When it comes to education, industry is getting back to the basics: It is exploring the fundamentals of exactly how people learn. The objective is to perfect the virtual classroom by matching technology to the learning process rather than matching the learning process to the technology.
The smell of fat crayons, the snap of three-ring binders and the crack of book spines as they open for the first time bring back memories of those old school days. Students today, both in the classroom and on the job, are more familiar with the hum of a hard drive and glow of a monitor screen. One thing, however, has not changed--the up-front expenses for an education rarely reflect the final cost.
A program designed by the U.S. Defense Department will provide the military and federal government with the latest online study techniques by developing software standards and promoting the use of new technologies. Known as advanced distributed learning, the initiative aims at offering the highest quality schooling that can be tailored to meet individual needs and delivered cost-effectively wherever and whenever required.
The exploding use of encryption in cyberspace has spawned a dilemma for policy makers. They must strive to balance citizens' rights to security and privacy with the needs of law enforcement and intelligence to police what a senior defense official terms a "lawless frontier," and others call the "World Wild Web."
Ongoing operations that examine the convergence of current U.S. military information-gathering capabilities may lead to enhanced systems that will more effectively combat theater ballistic missile threats. Research underway by the U.S. military focuses on more effectively exploiting the information provided by overhead nonimaging infrared satellites to support naval missions. Looking into the next century, military officials believe that more capable, future satellite sensor systems will enable the next generation of naval warfighting forces to gain the efficiency and effectiveness required to expand their umbrella of operations.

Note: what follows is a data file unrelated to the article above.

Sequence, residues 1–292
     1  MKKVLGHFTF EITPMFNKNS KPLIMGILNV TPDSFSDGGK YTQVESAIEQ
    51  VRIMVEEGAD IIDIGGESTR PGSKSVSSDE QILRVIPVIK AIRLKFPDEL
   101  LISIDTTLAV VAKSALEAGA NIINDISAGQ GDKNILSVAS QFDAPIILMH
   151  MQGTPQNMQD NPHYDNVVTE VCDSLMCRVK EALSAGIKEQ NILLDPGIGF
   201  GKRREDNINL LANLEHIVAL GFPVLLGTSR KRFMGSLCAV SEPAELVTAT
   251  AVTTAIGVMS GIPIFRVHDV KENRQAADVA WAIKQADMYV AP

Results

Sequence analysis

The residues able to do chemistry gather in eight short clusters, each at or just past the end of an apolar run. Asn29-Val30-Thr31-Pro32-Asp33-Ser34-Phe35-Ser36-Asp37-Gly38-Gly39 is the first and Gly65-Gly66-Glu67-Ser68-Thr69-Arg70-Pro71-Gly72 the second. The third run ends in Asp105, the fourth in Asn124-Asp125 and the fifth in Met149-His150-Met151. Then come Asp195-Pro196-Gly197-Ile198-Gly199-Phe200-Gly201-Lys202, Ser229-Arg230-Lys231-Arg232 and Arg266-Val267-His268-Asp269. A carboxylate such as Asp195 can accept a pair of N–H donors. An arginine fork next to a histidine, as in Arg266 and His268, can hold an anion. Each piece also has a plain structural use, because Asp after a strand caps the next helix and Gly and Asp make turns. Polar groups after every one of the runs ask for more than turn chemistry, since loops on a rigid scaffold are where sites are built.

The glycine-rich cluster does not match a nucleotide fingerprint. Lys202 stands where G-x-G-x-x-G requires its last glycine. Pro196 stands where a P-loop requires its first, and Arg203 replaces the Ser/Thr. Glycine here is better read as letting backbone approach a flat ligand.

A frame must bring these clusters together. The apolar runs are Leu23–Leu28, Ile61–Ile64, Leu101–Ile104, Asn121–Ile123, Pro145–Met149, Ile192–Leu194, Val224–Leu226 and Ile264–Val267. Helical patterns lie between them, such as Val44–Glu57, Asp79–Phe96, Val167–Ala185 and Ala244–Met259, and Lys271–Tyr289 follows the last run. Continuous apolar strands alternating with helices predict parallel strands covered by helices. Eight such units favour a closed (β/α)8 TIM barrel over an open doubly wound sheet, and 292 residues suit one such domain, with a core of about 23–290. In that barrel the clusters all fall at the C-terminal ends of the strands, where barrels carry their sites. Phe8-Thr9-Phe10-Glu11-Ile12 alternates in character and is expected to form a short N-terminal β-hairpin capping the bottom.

Until recently, battlefield information systems were viewed merely as enablers to conventional military operations. Only a decade ago, their buzzwords were "force multiplier." Since the Gulf War, which demonstrated the value of Western high-technology supremacy, information systems have steadily increased in importance, shedding their supporting roles for leads in the growing variety of military operations.
A single secure global information grid is emerging to greatly increase U.S. and allied combat power. This overarching system-of-systems approach recognizes that each unique platform, weapon system, computer, radio, piece of equipment and warrior is also part of a much greater network.
The drive to speed new military information system technologies to the field, coupled with an increased reliance on commercial off-the-shelf products, is posing new interoperability problems for communicators. Many of these systems must interoperate in an increasingly networked environment with legacy equipment or foreign counterparts in coalition operations.
Communications specialists are proposing that the U.S. Forces-Korea change engineering and management approaches and follow the lead of commercial Internet service providers. The plan offers wide area network transmission bandwidth between the global defense information infrastructure and command, control, communications, computers and intelligence systems users on the Korean Peninsula, and it addresses several problems with the existing data network there.
British forces in Bosnia and Herzegovina and Kosovo will receive a new, highly automated communications network designed to reduce staffing requirements. Part of an ambitious 28-week program by the United Kingdom's Ministry of Defence, it will replace a manpower-intensive system currently in use, allowing roughly 260 Royal Signal Corps personnel to be reassigned. Made entirely from commercial technologies, all elements must be in place and operational by late August before the harsh Balkan winter begins.